How to Photograph Prints – Lofty Marketplace
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How to Photograph Prints

Lofty experts depend on our sellers to supply accurate photographs of their artwork so that we can complete an evaluation, create an appealing listing for sale, and ensure that Lofty will get the best price possible for your consignment. This guide will give you the tools to take quality photographs of your prints.

If your print is framed under glass, it is best to remove the artwork from the frame before taking photographs because glare on the glass can cause distortion. 

Lighting

Take your print to an area with good natural light, and make sure there are no shadows on the surface. Examples include: outdoors on an overcast day or a room with strong natural indirect light. Don’t place a work in direct sunlight to photograph it because the bright light can distort the colors.

If you do not have access to natural light, take two light sources with the same wattage bulb and place one to the right and left of your painting, so that they illuminate the work evenly from each side.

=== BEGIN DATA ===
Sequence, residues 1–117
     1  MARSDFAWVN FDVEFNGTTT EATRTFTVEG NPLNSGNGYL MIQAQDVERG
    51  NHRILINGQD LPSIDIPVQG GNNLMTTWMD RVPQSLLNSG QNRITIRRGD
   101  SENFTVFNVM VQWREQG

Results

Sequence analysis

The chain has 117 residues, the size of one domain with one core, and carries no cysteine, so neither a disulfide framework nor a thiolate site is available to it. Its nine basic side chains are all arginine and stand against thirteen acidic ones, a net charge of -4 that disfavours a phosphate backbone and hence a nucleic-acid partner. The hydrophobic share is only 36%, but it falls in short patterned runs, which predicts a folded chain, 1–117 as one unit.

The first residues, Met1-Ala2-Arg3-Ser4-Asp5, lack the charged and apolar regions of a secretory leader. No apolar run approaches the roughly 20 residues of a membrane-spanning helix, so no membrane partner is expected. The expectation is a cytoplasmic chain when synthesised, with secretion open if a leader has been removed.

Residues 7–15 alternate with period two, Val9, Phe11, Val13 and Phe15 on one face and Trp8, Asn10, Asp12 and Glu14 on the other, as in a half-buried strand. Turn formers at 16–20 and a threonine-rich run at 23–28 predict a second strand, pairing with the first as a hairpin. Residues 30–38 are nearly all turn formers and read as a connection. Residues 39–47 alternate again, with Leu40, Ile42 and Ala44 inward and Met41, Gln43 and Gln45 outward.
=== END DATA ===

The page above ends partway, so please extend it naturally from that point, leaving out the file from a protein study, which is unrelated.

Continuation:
If your print is framed under glass, make sure that there is no direct light bouncing off the surface of the glass, causing distortion. You may need to photograph the work at a slight angle to avoid this. Do not use a flash.

Artwork Position

It is best to hang the artwork on a blank wall, or use an easel if you have one available. You can also place your print upright on a firm sofa, or lean it against a wall. Make sure the work is as upright as possible. If your print is unframed, lay it carefully on a clean, dry surface, such as a freshly made bed or clean carpet.

Camera Position

Make sure the entire print is in the frame, including corners and sheet edges. Hold the camera “straight on,” parallel and perpendicular with the center of the artwork. Make sure you don’t tilt the camera or photograph the work at an angle.

Our experts need seven photographs of each print:

  1. Image of entire front 
    Make sure no parts of the artwork are cut off in the photograph.
  2. Image of signature, date, edition number, and any other writing on the work
  3. Close-up images of interesting, detailed, or beautiful areas
  4. Angled images illustrating the surface texture
    Position the camera so that the light falls diagonally across the surface and emphasizes the texture.
  5. Close-up images of any surface dirt, repairs, tears, or creases
    Accurately reporting condition issues is essential to selling your property. 
  6. An image of the entire back:
    Make sure to include the entire sheet of paper in the image.
  7. A close-up image of any labels, stamps, or writing